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Flowering, seed production and seed mass in a species-rich temperate grassland exposed to FACE and warming


Hovenden, MJ and Wills, KE and Vanderschoor, JK and Chaplin, RE and Williams, AL and Nolan, M and Newton, PCD, Flowering, seed production and seed mass in a species-rich temperate grassland exposed to FACE and warming, Australian Journal of Botany, 55, (8) pp. 780-794. ISSN 0067-1924 (2007) [Refereed Article]

DOI: doi:10.1071/BT07107


Long-term effects of climate change on plant communities must be mediated by reproductive and recruitment responses of component species. From spring 2003 until autumn 2006, we monitored flowering and seed-production responses to free air CO 2 enrichment (FACE) and 2°C warming in a species-rich, nutrient-poor southern temperate grassland, by using the TasFACE experiment. There were no effects of either FACE or warming on the proportion of species flowering in any year. Flowering, seed production and seed mass were not significantly affected by FACE, warming or their interaction in most species. Some species, however, did respond significantly to simulated global changes. These responses generally were not governed by life history, but there were two distinct trends. First, warming increased the proportion of the population that flowered in perennial grasses but not in other species types. Second, flowering and seed production of both perennial woody dicots responded strongly to the interaction of FACE and warming, with Bossiaea prostrata producing most seeds in warmed FACE plots and Hibbertia hirsuta producing the most in unwarmed FACE plots. FACE increased seed mass 4-fold in the perennial C 3 grass Elymus scaber (P < 0.01) but substantially reduced seed mass of the perennial C 3 grass Austrodanthonia caespitosa (P < 0.02) and the perennial forb Hypochaeris radicata (P < 0.02), with the remainder of species unaffected. Our results indicate that warming and elevated CO 2 had little effect on seed production in the temperate grassland ecosystem. The few significant affects there were, however, are likely to have substantial implications for community composition and structure. © CSIRO 2007.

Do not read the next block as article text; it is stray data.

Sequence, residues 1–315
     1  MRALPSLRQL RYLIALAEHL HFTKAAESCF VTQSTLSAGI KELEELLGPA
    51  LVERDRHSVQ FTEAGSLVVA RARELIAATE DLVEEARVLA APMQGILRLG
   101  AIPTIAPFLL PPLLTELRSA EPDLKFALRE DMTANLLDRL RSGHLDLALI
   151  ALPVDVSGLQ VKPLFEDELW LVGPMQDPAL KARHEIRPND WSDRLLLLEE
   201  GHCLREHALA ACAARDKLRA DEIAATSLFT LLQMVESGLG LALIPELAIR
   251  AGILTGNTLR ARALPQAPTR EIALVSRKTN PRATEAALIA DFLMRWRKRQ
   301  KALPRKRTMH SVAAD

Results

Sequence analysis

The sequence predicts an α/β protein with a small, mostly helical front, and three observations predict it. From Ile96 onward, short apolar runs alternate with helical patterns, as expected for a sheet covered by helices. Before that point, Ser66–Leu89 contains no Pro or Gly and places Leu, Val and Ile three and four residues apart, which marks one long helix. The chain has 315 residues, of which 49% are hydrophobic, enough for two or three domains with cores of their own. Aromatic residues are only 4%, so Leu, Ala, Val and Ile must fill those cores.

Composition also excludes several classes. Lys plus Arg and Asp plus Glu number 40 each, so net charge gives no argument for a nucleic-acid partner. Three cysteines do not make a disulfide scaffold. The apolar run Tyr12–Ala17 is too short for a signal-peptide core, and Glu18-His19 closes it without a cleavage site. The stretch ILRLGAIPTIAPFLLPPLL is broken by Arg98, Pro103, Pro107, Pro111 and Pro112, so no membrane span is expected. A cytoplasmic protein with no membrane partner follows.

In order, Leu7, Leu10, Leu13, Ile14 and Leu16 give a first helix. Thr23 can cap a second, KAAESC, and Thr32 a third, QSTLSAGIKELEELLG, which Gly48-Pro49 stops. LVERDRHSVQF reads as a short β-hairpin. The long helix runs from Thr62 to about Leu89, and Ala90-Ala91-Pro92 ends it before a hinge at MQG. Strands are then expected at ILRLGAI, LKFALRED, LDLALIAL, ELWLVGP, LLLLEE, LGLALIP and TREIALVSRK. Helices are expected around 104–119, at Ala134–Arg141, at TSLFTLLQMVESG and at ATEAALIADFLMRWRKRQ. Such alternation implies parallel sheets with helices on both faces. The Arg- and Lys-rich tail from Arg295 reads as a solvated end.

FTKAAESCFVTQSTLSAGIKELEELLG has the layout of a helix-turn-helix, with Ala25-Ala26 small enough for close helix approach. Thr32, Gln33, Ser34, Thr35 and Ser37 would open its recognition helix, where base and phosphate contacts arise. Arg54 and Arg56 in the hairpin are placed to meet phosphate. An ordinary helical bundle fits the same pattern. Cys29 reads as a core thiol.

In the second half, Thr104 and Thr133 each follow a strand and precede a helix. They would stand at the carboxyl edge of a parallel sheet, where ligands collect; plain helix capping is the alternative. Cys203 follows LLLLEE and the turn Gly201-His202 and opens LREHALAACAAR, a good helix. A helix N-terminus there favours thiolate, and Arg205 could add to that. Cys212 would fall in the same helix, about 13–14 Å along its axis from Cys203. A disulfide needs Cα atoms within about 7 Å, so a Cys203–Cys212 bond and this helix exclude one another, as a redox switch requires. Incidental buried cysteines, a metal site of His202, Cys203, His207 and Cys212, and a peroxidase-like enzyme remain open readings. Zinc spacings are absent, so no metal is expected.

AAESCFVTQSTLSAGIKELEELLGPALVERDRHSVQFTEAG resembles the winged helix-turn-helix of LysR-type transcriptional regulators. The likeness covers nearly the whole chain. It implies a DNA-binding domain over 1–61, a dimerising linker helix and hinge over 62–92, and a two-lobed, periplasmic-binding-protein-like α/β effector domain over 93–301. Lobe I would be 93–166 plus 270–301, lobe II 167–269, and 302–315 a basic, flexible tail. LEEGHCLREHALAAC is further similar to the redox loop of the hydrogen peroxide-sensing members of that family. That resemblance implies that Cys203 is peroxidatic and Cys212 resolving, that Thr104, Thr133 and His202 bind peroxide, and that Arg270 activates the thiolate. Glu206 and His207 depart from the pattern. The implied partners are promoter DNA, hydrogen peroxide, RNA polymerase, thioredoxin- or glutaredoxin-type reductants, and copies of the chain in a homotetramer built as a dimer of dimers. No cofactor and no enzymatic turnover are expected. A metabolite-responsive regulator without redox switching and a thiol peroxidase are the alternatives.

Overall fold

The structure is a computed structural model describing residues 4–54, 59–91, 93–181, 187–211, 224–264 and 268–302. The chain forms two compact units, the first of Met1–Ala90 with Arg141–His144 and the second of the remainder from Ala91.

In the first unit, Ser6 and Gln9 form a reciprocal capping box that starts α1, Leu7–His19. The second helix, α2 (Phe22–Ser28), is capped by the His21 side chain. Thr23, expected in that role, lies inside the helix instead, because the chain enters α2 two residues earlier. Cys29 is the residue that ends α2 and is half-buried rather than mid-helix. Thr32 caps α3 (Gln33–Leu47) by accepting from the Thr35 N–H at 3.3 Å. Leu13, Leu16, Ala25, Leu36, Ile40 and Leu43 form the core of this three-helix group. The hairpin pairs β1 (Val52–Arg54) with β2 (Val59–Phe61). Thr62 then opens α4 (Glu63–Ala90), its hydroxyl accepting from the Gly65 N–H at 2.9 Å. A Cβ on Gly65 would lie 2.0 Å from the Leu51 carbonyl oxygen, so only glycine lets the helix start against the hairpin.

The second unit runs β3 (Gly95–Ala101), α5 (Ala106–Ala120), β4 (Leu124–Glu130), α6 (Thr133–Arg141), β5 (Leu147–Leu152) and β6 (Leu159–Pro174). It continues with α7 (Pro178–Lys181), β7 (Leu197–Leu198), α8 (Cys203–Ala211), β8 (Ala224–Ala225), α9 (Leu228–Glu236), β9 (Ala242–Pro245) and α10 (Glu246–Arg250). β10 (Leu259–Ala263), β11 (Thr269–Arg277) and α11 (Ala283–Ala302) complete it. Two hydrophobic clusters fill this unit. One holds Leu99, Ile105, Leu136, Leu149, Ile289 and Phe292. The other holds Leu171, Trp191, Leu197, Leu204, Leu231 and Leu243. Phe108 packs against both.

Item Details

Item Type:Refereed Article
Research Division:Biological Sciences
Research Group:Other biological sciences
Research Field:Global change biology
Objective Division:Animal Production and Animal Primary Products
Objective Group:Pasture, browse and fodder crops
Objective Field:Pasture, browse and fodder crops not elsewhere classified
UTAS Author:Hovenden, MJ (Professor Mark Hovenden)
UTAS Author:Wills, KE (Dr Karen Wills)
UTAS Author:Vanderschoor, JK (Mrs Jacqueline Vanderschoor)
UTAS Author:Williams, AL (Miss Amity Williams)
UTAS Author:Nolan, M (Ms Michaela Nolan)
ID Code:50239
Year Published:2007
Web of Science® Times Cited:22
Deposited By:Plant Science
Deposited On:2007-08-01
Last Modified:2008-05-17

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